A conversation is opening up in Rajasthan over whether or not women should wear the veil, Aman Sharma reports
An hour’s drive out of the state capital of Jaipur on the highway to Ajmer in Rajasthan, a group of women waits for a bus to take them to Kishangarh.
The aged of the lot wear their dupattas as a ghoonghat (veil) but a young girl is dressed in a pair of jeans and her hair is neatly tucked in a bun.
“She is my grand-daughter and does not listen,” says 70-year-old Rani Devi. “She goes to a college in Ajmer now. But we can’t shed the ghoonghat … we have worn it for decades.”
The women do recollect a recent appeal made by Rajasthan chief minister Ashok Gehlot to the people in the state – to shed the age-old practice of wearing ghoonghat pratha and move with the times.
“I just went for the wedding of a relative of one of my ministers and saw the bride on the stage having a ghoonghat. I asked her to lift it — many people laughed and said the CM has been saying so. The girl immediately lifted her ghoonghat,” Gehlot told ET during an interview at his residence in Jaipur.
He recounted how a tradition has been formed in homes in Rajasthan for the women to wear the ghoonghat.
“We need to break the same. I ask the men in our state — how long will you keep the women captive by way of the ghoonghat? This is a male-dominated country, so we need to educate the men first. This is my personal emotion. My slogan is Beti Bachao, Beti Padhao, they will automatically shed the ghoonghat,” he says.
ET visited villages near Ajmer and Jaipur to find that the task may be tough and requires a dedicated campaign. In Akherpura village, most women wear the ghoonghat while they walk on the pavement rearing cattle or working in the fields.
Outside one house, Prem, Jamuna and Nanti, who are all sisters-in-law, offer a contrasting picture.
While the eldest of them, Prem, does not draw the ghoonghat while speaking, the other two do.
“They feel embarrassed to not wear the ghoonghat before the men in the house. I keep telling them we have all lived in the house together for years now and there is no need to keep a ghoonghat. There was a time earlier when we used to not even sit or sleep on the same bed as our husbands. But times have changed,”
says Prem. Jamuna and Nati however cite other issues: “If you step out in the village without a ghoonghat, the men object. It may lead to fights. Who wants that?”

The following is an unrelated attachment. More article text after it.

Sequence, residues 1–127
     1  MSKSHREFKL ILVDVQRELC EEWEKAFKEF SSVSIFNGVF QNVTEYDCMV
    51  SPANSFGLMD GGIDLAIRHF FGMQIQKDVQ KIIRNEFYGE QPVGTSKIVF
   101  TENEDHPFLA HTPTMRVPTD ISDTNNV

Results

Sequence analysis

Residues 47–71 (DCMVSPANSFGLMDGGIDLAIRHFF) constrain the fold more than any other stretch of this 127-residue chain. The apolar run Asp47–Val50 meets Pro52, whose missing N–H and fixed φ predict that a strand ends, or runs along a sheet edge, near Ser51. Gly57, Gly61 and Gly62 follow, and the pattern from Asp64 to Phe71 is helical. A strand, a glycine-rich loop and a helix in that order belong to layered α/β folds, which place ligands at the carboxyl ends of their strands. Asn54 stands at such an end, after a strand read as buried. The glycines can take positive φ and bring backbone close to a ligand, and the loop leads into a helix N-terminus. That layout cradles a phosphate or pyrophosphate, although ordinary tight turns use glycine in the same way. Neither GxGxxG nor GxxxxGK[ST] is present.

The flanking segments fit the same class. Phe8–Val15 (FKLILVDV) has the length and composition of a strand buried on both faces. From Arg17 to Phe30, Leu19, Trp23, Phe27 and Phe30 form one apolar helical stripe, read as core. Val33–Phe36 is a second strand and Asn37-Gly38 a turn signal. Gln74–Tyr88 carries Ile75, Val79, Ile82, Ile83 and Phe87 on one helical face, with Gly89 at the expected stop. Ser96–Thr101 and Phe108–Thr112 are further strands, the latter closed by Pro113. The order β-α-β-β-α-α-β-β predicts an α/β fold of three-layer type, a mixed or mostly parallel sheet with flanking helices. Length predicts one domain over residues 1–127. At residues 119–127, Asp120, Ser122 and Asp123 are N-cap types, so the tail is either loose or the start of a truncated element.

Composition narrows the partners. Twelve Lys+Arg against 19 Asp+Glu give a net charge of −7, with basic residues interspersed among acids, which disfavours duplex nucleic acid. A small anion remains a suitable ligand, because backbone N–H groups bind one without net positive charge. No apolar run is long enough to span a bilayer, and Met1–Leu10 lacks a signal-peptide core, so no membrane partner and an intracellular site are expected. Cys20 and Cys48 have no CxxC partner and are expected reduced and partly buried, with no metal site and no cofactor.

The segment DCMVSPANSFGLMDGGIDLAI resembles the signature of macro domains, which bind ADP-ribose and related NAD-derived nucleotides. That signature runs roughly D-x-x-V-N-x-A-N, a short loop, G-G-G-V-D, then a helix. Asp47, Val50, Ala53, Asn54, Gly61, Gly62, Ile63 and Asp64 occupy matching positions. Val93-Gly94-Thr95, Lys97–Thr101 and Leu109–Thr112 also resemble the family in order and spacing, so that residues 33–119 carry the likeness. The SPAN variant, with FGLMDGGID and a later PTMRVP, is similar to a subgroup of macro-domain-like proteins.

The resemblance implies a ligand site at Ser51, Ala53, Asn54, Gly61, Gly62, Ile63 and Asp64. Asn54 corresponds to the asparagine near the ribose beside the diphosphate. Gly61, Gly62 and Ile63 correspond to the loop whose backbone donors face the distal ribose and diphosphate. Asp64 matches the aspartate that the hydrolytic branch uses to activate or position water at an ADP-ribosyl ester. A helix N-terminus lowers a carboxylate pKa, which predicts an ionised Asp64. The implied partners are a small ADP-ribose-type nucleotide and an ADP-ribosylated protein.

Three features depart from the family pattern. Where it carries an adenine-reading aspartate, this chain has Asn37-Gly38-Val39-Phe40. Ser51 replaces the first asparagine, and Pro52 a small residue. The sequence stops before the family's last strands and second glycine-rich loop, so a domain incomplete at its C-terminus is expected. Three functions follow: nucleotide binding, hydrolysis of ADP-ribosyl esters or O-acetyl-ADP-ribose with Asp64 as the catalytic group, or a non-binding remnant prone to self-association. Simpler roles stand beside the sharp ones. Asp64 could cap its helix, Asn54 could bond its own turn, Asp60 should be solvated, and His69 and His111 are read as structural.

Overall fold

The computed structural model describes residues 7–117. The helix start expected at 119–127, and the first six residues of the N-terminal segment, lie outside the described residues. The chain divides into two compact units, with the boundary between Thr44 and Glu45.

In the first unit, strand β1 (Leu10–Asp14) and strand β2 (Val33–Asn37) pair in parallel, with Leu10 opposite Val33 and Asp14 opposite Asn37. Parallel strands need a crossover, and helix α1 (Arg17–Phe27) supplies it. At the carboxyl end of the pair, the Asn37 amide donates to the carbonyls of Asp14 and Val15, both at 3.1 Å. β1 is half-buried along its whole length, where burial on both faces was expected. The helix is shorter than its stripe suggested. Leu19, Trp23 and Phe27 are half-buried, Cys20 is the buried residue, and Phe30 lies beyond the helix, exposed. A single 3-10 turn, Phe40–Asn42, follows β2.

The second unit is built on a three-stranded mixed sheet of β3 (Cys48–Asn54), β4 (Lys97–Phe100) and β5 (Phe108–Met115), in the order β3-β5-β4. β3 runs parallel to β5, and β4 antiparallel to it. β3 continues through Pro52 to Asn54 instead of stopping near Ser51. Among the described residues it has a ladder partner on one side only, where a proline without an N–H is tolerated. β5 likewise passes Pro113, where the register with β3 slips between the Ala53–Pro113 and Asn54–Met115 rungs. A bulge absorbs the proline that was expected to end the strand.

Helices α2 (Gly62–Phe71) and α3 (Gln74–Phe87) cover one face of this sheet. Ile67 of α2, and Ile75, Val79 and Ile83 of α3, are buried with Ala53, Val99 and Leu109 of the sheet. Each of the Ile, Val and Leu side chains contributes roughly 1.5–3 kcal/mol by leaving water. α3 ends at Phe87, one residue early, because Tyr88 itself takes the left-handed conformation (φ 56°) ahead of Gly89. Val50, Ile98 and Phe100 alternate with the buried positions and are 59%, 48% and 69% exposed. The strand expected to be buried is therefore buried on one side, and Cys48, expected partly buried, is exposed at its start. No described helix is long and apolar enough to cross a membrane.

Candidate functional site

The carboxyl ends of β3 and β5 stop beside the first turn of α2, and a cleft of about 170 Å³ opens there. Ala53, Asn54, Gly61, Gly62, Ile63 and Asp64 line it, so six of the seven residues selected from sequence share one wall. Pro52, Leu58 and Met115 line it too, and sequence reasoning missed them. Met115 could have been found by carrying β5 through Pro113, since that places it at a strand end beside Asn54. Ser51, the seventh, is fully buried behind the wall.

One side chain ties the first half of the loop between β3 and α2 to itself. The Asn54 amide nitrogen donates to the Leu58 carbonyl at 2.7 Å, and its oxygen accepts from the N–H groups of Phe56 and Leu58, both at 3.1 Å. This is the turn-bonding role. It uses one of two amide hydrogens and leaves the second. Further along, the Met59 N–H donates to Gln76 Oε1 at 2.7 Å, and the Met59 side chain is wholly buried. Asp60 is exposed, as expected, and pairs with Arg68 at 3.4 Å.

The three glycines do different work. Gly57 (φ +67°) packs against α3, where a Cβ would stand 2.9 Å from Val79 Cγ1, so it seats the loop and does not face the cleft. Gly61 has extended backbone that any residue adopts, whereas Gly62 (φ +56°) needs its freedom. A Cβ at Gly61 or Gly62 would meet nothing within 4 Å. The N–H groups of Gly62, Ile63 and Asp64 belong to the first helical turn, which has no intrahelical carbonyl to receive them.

In Bichoon village, Lado Devi and daughter-in-law Rani have different opinions too. Lado Devi says the CM’s comment would mean the women shed all their laj aur sharam (pride) which is not good for society. Rani, however, asks Lado Devi why should only women share the burden of tradition.
“If women shed the ghoonghat inside their house too, the men may object and could lead to family disputes. All is fine in cities and towns but in villages of Rajasthan, the ghoonghat has to stay,” Lado Devi says.
She points to a young Yashi rearing cattle nearby, and says how she studied till Class 12 and got recently married but wears the ghoonghat. “That is what I was always taught.
But my younger sister goes to college and does not wear a ghoonghat or wishes to marry someone who insists on it,” Yashi says.
A lady sarpanch of another village admits women are speaking out on this issue after the CM’s comment.
Gehlot says his words should not be seen as an “appeal to women” to shed the ghoonghat as he does not want any discord in families. “Right now, the women are under pressure from the men to wear the ghoonghat, so they face embarrassment and ask how they can remove the ghoonghat. So, I appeal to the men to make this happen. Let this conversation start,” the CM says.
Gehlot made this appeal earlier this week at functions organised by the dominant Jat and Rajput communities, saying they must move with the times. Fringe groups like the Karni Sena have objected to his remarks, saying the ghoonghat is a pride of Rajasthani tradition and must not be fiddled with.
However, the CM says women shed the ghoonghat when they become village sarpanches or they get educated. “In my view, the ghoonghat will only be shed by either education or woman empowerment through politics.” The state could start an educative campaign on the issue through wall-paintings and Rajasthan’s women and child development department has been tasked to prepare a proposal. “We will do this campaign. I have asked activists to help. Let the women breathe in open air,” CM says.